Rocky Mountain Low: A 4-Step Guide to Building an Alpine Rock Garden in Any Backyard
If you're looking for a unique and low-maintenance addition to any landscape, an alpine rock garden can be the perfect solution. Here is a simple how-to guide to creating your own beautiful alpine rock garden at home.
The Right Location. Place your rock garden in a very sunny part of the yard, preferably facing south and in a well-drained location (such as a slope). For many homeowners, this brings a nice solution to a problem area in the yard where the sun shines too brightly and the water is lacking.
A Good Foundation. Before placing your rocks and greenery, lay down a base of coarse rubble (like pebbles, broken stone or concrete, or unused rocks) to help with drainage. With these materials, form a small mound that can serve as a base for your garden. Cover the mound with a layer of smaller pebbles, a weed-resistant sheet, or even inverted sod. The mound can be any shape or size that you want, depending on the size of your rocks and boulders and how ambitious you want to be.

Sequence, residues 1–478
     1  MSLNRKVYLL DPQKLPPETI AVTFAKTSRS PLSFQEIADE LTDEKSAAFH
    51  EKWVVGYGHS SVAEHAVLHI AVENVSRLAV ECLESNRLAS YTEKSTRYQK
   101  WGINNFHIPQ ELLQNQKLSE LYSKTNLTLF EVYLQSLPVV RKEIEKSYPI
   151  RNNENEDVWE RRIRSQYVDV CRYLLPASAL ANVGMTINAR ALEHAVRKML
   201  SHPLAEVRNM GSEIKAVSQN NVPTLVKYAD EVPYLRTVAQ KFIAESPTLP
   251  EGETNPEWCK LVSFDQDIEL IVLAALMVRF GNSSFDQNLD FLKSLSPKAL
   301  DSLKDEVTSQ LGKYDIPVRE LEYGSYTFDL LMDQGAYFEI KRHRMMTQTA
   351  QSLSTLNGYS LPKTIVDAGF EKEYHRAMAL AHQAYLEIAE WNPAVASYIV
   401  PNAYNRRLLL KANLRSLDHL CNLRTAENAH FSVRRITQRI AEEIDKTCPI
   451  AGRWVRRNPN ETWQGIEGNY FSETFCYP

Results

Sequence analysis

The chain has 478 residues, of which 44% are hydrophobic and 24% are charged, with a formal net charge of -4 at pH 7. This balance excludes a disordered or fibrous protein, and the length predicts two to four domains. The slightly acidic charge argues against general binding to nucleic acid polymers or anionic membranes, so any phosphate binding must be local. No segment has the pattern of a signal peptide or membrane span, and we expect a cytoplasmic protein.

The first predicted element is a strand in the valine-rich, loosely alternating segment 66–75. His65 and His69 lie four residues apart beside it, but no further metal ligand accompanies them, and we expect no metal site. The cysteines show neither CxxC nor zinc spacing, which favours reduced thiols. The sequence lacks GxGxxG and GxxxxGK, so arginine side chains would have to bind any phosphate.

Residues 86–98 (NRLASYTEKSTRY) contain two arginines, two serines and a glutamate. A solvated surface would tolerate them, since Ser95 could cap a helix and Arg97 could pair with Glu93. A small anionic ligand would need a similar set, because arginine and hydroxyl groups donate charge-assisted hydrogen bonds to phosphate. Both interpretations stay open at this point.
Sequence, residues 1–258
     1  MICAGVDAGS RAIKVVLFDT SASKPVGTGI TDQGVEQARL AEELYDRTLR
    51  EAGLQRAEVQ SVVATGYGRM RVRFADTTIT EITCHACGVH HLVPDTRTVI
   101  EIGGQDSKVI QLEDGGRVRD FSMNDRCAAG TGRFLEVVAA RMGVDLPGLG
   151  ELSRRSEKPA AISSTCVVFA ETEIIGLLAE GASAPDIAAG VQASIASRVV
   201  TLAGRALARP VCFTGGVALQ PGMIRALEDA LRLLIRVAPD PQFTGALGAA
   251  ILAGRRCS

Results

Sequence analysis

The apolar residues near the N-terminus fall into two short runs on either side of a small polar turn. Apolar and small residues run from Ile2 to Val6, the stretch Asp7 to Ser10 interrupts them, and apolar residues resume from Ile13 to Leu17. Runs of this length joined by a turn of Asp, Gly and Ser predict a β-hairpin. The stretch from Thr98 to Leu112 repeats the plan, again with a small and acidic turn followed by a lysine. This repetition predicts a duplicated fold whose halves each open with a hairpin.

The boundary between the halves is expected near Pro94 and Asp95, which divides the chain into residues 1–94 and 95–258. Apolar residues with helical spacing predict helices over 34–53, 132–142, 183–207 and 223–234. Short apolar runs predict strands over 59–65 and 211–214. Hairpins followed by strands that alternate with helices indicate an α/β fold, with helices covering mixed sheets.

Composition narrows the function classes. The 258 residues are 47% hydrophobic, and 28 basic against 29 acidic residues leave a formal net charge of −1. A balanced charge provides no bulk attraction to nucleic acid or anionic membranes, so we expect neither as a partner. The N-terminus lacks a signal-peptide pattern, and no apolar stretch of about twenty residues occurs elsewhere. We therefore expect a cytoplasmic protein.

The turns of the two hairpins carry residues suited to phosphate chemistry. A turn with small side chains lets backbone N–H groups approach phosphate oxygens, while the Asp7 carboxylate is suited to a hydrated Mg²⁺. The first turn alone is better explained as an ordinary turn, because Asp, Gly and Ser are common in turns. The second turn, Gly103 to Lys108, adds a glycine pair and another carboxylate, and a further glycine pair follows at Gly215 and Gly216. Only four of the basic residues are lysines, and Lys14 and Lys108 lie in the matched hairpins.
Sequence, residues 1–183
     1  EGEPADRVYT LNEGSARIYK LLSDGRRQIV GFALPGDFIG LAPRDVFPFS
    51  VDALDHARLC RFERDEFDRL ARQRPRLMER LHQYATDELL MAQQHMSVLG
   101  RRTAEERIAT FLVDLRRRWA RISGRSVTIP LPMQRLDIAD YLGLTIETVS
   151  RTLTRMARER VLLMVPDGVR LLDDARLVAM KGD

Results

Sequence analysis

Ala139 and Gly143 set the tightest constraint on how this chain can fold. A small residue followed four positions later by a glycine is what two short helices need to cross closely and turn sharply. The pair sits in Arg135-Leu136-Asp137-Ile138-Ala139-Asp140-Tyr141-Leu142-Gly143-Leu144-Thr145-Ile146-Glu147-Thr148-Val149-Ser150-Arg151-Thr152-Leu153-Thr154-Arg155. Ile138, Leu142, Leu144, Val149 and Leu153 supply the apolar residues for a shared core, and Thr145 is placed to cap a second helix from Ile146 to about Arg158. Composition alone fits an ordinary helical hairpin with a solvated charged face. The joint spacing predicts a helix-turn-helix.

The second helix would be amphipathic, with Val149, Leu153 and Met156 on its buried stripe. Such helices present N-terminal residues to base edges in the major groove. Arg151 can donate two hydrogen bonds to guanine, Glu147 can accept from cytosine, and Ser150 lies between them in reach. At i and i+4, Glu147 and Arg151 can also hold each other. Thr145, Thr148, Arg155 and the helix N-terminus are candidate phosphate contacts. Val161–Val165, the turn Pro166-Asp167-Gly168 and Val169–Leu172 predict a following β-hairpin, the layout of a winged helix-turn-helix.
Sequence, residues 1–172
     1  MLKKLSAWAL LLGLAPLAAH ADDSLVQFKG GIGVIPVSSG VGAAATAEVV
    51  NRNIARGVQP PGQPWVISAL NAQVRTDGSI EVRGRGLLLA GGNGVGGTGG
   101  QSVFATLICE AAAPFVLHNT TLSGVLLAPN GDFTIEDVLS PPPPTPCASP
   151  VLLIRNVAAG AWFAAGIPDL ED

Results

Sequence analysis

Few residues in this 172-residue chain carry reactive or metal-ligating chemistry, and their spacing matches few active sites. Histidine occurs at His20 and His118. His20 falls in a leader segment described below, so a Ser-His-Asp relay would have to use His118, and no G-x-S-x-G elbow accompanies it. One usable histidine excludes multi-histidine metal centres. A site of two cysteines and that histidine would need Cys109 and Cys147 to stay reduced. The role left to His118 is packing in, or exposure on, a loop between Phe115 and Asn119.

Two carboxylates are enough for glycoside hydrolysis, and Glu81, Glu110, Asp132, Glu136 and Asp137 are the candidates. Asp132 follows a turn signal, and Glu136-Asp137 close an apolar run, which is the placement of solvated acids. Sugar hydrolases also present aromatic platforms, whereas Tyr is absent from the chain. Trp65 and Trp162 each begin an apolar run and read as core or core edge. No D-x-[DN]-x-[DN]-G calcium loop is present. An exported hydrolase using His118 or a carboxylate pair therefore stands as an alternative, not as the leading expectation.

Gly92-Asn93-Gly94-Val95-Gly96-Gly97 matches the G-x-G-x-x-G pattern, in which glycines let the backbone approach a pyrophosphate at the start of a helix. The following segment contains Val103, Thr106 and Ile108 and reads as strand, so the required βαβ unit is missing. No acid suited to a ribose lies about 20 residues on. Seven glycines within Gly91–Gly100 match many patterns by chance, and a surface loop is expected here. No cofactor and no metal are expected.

Placement of the Rocks. Alpine rocks tend to be limestone, sandstone, or shale. Set your chosen rocks on the mound, beginning with the largest ones. Most people prefer groupings of similar types of rocks placed in odd numbers (rather than even numbers) for a more natural look. Combine rocks of various sizes according to what looks best and what is most organic to your eye. Partially bury each rock, leaving about 1/4 to 1/3 of each rock above ground. This will help stabilize the whole garden. Leave room between and around the rocks to place greenery in the soil, and tilt some of the rocks so that water runs down them and into the greenery.
Soil That Fills Space In. Around the rocks, place a layer of soil that includes loam, compost, or leafmold along with some sand or grit. Allowing fast drainage is key to keeping your alpine plants happy, so work with your landscaping service if you're unsure about the soil content in your area. Depending on how large you want your garden, you could plant alpine varieties of small trees and shrubs or use smaller, lower plants like succulents and ground covers. Some good perennials and bulbs to complement your alpine garden include crocus, creeping baby's breath, primrose, and many varieties of iris.
Whether you live in the higher elevations or just want to emulate them, an alpine garden is a simple, attractive, and cost-effective addition to any residential landscape.